There is a thriving market in counterfeit Lego : The Indicator from Planet Money Counterfeit Lego kits, made illegally in China, are giving collectors a headache.

The Great Lego Scam

The Great Lego Scam

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Oli Scarff/Getty Images
WINDSOR, ENGLAND - JULY 03: Star Wars figures created by LEGO Model Makers in the Model Making Studio at the LEGOLAND Windsor Resort on July 3, 2013 in Windsor, England.  (Photo by Oli Scarff/Getty Images)
Oli Scarff/Getty Images

Lego Group, the company that makes LEGOs, is based in Denmark. It had $5.5 billion dollars in sales last year. Lego is a HUGE business. And a big part of that business is making kits - Star Wars kits, Harry Potter kits ... the list goes on. Lego doesn't keep making these kits forever. It retires them after a period, and at that point, these kits can become collectors' items. Some of them can become extremely valuable. And that creates an opportunity for counterfeiters.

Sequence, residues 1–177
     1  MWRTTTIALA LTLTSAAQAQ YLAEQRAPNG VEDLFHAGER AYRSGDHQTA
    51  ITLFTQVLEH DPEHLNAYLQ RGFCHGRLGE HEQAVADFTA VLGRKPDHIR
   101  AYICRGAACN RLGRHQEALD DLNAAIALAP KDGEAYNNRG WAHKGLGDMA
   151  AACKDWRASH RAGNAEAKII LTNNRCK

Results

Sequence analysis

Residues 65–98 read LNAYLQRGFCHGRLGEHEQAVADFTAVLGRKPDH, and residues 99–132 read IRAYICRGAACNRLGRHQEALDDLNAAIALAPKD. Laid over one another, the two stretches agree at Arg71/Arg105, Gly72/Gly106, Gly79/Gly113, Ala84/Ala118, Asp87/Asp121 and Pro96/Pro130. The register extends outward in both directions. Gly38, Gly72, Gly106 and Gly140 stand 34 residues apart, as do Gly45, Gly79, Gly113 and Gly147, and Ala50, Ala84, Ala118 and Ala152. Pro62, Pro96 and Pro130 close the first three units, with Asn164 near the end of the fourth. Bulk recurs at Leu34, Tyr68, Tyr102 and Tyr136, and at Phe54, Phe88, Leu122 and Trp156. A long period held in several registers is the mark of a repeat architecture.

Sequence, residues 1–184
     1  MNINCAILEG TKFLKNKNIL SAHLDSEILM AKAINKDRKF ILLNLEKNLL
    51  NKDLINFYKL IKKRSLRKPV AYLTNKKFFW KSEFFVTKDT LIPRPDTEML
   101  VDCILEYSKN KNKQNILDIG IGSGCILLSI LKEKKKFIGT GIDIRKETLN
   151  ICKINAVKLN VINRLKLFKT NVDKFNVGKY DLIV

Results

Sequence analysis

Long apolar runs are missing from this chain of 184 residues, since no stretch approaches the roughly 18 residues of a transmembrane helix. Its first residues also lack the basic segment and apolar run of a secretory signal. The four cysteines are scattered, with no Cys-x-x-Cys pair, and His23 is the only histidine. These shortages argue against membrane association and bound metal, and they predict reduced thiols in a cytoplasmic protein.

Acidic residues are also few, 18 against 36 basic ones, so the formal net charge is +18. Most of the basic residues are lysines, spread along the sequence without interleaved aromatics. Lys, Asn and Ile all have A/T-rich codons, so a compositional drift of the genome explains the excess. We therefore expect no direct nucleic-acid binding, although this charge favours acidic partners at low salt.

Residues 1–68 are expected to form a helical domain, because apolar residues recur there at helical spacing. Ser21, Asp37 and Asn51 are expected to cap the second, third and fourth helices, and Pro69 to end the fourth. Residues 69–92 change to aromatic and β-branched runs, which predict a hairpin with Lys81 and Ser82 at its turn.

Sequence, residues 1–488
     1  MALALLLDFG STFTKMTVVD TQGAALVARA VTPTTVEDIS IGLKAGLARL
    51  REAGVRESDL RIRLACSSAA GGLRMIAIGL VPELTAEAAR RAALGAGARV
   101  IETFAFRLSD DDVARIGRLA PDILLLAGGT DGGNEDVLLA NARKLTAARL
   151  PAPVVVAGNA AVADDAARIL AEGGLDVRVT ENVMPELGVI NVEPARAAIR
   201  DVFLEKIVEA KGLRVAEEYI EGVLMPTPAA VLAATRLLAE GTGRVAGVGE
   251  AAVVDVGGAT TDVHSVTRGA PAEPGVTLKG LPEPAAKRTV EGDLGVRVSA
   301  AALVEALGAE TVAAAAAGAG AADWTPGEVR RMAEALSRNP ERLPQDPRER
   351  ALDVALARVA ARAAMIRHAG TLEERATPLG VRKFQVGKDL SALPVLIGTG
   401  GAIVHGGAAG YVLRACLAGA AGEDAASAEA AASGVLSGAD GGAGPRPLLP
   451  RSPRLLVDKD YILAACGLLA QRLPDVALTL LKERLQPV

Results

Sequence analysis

And the barrier to entry is pretty low: it's not like counterfeiters have to replicate anything particularly technical. Legos are just little plastic bricks. They're easy to make. As a result, there is an entire company in China that turns out tens of millions of dollars a year in fake Legos.

This is intellectual property theft, plain and simple. But it's not just a portion of Lego's business that's threatened here, it's also the integrity of the secondary market in genuine Lego kits. Investors have to tread carefully. There's a real risk in buying a fake, and then passing it off as real. Reputation is at stake. Also integrity. And - potentially - a lot of money.

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